It’s Mookie’s cooking night, and she asked to make potato blintzes. Bubbe, take note! How many generations of blintz-makers is this? I hope no great-great-grandmothers will turn in their Old Country resting places due to our adding herbs to the mashed potatoes. Mookie served them with the green bean recipe she developed herself, and the meal was delicious.
While posing, she took care to display the band-aid on her left arm. Every cook has stories of injuries endured in the course of duty, and this one is a burn on her arm where she accidentally touched it to the edge of the frying pan when we were making the crepes. Ow. It will have stopped hurting by morning. This meal was also notable for her having faced her fear of the immersion blender. She’s never said a word about the one we have at home, but this one freaks her out. Maybe it is louder. She used it anyway.
It turns out that the comal, so common in Mexican homes and for that matter on the streets of Oaxaca, is the perfect device for the final stage of blintz-making. Here in the Days of Awe between Rosh Hashanah and Yom Kippur, Eastern European Jewish and Mexican cooking meet. Yum.
Mookie likes her kiwis with chili powder, just like the fruit sold in the streets.
(I wrote this last week as a Spanish assignment. The Spanish version is here.)
Mookie loves Oaxaca, but she misses her friends. I would too. It’s easier for me and Mookie’s Mommy; we each brought our best friend along, and many of our other friends are people with whom we usually communicate by phone and internet even when we are in San Francisco, so we don’t miss them more than usual. It’s different in the case of a nine-year-old girl who is accustomed to seeing her friends daily in person, not on Facebook.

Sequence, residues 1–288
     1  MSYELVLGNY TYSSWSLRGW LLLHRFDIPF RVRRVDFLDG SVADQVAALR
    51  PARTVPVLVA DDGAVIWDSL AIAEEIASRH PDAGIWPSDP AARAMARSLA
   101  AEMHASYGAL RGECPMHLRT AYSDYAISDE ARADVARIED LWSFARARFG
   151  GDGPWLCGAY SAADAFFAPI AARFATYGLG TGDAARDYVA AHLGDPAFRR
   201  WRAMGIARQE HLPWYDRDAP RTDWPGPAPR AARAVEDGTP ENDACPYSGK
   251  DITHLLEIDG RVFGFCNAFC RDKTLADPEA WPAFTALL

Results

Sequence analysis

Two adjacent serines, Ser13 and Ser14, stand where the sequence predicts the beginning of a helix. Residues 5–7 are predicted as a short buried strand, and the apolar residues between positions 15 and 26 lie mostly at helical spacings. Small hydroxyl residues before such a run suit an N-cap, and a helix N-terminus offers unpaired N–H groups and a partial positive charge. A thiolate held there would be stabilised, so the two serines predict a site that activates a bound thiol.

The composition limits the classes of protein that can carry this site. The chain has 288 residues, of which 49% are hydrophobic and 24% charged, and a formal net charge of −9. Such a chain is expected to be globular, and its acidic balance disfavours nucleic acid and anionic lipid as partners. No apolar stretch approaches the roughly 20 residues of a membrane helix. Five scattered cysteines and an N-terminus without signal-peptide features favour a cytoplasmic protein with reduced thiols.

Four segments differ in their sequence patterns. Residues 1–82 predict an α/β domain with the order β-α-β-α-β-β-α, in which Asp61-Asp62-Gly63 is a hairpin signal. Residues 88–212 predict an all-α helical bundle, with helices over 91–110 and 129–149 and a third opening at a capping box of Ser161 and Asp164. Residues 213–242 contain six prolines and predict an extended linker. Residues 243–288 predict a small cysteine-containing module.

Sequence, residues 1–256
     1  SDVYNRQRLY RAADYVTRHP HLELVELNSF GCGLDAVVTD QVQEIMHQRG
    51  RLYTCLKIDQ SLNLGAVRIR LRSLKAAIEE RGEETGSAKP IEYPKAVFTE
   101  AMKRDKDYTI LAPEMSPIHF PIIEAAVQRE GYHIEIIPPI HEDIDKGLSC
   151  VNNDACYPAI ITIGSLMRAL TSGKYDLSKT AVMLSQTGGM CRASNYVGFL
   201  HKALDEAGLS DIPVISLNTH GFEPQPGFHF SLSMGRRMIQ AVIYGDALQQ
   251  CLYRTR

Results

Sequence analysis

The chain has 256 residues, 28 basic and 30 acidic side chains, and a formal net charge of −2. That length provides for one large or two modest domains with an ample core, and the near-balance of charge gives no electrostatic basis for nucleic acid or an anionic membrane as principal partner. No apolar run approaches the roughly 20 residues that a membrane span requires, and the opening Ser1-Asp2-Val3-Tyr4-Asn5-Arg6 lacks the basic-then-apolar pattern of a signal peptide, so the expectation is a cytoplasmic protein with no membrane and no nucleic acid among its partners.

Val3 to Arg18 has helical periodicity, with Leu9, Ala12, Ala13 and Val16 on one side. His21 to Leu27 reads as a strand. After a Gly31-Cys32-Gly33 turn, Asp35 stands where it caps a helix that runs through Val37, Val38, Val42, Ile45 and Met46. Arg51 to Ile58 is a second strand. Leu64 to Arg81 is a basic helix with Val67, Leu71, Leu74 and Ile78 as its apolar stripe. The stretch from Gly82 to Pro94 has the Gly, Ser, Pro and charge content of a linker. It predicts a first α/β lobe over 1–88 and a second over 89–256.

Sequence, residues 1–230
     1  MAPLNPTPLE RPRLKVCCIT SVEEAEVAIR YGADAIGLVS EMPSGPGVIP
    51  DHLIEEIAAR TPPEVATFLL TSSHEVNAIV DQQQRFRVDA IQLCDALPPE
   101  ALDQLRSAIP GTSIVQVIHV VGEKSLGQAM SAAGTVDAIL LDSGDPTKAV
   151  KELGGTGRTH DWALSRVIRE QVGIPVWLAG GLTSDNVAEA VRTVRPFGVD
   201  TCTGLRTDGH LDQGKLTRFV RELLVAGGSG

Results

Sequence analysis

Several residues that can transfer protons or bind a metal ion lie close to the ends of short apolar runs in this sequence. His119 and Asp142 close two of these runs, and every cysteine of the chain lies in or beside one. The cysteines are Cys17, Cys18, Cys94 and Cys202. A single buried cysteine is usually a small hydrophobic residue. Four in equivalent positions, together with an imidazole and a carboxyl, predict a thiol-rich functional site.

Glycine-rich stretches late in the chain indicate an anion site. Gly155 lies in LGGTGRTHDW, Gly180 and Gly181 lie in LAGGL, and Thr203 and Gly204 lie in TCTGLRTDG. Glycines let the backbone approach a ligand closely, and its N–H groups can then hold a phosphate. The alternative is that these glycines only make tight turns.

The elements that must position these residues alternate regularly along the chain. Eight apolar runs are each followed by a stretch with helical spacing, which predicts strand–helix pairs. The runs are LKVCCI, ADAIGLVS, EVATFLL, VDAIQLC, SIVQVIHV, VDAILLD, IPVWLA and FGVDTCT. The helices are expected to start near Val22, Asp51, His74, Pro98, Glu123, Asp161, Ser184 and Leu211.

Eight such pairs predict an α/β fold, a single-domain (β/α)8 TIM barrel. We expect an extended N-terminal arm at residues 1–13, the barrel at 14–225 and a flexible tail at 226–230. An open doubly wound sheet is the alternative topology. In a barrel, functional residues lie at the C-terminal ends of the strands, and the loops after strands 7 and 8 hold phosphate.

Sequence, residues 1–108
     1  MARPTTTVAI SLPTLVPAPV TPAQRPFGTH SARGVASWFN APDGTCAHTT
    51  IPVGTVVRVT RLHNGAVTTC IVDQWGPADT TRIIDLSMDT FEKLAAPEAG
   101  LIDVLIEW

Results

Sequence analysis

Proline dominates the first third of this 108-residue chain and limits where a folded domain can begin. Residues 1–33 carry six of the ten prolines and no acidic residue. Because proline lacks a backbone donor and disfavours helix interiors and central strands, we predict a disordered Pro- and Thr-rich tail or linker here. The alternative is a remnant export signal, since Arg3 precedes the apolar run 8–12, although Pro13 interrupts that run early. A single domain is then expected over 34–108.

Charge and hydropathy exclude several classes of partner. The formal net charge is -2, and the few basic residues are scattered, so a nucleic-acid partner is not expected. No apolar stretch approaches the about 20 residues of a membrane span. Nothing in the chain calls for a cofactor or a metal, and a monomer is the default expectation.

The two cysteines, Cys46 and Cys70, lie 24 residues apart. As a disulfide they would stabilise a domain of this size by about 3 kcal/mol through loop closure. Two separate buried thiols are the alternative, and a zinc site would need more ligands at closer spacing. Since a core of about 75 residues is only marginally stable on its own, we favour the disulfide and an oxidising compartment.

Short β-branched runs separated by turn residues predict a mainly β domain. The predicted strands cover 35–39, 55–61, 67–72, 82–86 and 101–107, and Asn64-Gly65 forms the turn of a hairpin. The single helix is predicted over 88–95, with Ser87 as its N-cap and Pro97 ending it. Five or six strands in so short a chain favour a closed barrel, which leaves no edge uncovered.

She was hoping that at least one of her friends would come for a visit, but the summer went by, and now they have returned to school. At first, when we suggested that she chat with a friend via Skype, she said no–clearly, Skype doesn’t come up to standard. She wants to play together and show them her current house. But we set up some Skype calls anyway, and now she really likes seeing her friends that way.
Mookie also misses Japanese food. For one dinner, I made miso soup (free advice: nori cannot substitute for wakame–it falls apart), and Mookie made sushi for another dinner, but they didn’t come out like they do in a restaurant. But yesterday, Joy found a Japanese restaurant here in Oaxaca! We are going there for lunch today.
(I wrote this last week as a Spanish assignment. The English version is here.)
A Mookie le encanta Oaxaca, pero ella echa de menos a sus amigas. Yo haría lo mismo. Es más fácil para mi y para la Mami de Mookie; nosotras dos trajimos a nuestra mejor amiga, y muchos otros de nuestros amigos son personas que nos comunicamos usualmente por teléfono e internet aún cuando estamos en San Francisco, entonces no los echamos de menos más de lo usual. Es diferente en el caso de una niña de nueve años que esta acostumbrada a ver a sus amigas en persona cada día, no por Facebook.
Ella estaba esperando que al menos una de ellas viniera para una visita, pero el verano pasó, y ahora han regresado a la escuela. Al principio, cuando sugerimos que ella charlara por Skype con una amiga, dijo no–claramente, Skype no cumplía el nivel exigido, porque ella quería que ellas jugaran juntas, y quería mostrarles su casa actual. Pero organizamos unas llamadas por Skype en todo caso, y ahora a ella le gusta mucho ver a sus amigas de esa manera.